Thatte Idli Recipe, The Unsung Hero Of South Indian Cuisine

So next time you're in the mood for some South Indian cuisine, why not give Thatte Idlis a try? With their crispy exterior, fluffy interior and mouth-watering taste, they're sure to become your new favourite dish.

Thatte Idli gets its name from its shape, which is similar to a large plate or "thatte" in Kannada. This dish originated in the state of Karnataka and is now enjoyed across the southern part of India. Unlike regular idlis, which are small and round, Thatte Idlis are larger, flatter and thinner, with a crispy outer layer and a soft, fluffy interior.

What sets Thatte Idlis apart from regular idlis is their texture. The crispy outer layer gives way to a soft, fluffy interior that melts in your mouth. This makes them a favourite snack among South Indians, who often enjoy them for breakfast, lunch or as an evening snack. Serve the Thatte Idlis hot with coconut chutney and sambar, and enjoy the unique combination of crispy, fluffy and tangy flavours.

Despite their popularity, Thatte Idlis are still relatively unknown outside of South India. But with their delicious flavour and unique texture, it's only a matter of time before they become a household name across the country.


  • 2 cups of rice
  • 1 cup of urad dal (black gram)
  • 1 teaspoon of fenugreek seeds
  • Salt to taste
  • Oil for greasing


  • Rinse the rice and urad dal separately and soak them in enough water for 4-5 hours. Add the fenugreek seeds to the urad dal while soaking.
  • After 4-5 hours, drain the water and grind the urad dal into a fine paste using a wet grinder or blender. Add water as needed to get a smooth and fluffy texture.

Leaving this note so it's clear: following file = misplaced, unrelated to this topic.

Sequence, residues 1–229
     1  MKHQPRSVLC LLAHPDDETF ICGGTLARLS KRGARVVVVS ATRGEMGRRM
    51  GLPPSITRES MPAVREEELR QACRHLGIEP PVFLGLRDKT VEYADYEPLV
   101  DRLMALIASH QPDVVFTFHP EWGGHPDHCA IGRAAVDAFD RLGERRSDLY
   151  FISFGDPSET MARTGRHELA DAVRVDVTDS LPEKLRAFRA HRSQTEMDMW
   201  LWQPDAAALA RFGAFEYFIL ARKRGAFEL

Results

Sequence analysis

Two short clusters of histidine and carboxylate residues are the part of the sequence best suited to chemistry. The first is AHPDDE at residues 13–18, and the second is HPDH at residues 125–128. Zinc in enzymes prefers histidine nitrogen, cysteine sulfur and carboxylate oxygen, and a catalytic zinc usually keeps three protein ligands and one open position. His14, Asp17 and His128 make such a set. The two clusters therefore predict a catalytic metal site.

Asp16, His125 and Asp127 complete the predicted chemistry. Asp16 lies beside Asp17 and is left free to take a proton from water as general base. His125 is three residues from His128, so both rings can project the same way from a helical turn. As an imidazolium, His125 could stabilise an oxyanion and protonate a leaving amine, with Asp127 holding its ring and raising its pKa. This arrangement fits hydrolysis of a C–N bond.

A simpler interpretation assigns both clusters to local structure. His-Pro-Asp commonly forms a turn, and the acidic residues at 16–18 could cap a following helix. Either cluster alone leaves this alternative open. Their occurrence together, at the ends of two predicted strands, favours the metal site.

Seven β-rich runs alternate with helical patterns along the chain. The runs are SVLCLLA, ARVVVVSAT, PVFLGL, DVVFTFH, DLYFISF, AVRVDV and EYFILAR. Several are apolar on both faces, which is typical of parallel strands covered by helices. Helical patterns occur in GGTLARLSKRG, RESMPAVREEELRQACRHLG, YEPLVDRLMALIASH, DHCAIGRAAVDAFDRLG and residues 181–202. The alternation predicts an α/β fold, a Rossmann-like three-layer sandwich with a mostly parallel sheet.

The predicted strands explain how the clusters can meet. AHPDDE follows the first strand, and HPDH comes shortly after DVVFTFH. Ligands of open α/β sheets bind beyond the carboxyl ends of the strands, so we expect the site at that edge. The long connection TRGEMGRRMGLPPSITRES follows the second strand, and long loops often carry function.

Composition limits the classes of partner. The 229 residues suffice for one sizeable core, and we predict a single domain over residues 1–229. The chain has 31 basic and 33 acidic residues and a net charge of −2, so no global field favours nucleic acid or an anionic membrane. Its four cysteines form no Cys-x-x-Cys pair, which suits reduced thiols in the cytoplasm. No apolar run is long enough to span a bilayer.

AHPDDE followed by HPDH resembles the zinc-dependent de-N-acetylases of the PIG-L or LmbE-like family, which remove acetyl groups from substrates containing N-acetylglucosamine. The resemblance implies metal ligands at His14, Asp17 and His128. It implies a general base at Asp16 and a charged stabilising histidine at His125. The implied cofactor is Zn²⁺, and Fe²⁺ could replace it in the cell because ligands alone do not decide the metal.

• Grind the rice into a coarse paste using a wet grinder or blender. Add water as needed to get a grainy texture.
  • Mix the urad dal paste and rice paste together in a large bowl. Add salt to taste and mix well.
  • Cover the bowl with a lid or cloth and let the batter ferment for 8-10 hours or overnight.
  • Once the batter is fermented, give it a good stir.
  • Grease the Thatte Idli mould or a large plate with oil.
  • Pour a ladleful of batter into each cavity of the Thatte Idli mould or onto the greased plate.
  • Place the mould or plate into a steamer and steam for 15-20 minutes on medium-high heat, or until the idlis are cooked through.
  • To check if the idlis are cooked, insert a toothpick or a knife into the centre of an idli. If it comes out clean, the idlis are ready.
  • Remove the Thatte Idlis from the mould or plate using a spatula.
  • Serve hot with coconut chutney and sambar.
  • Enjoy your delicious and crispy Thatte Idlis!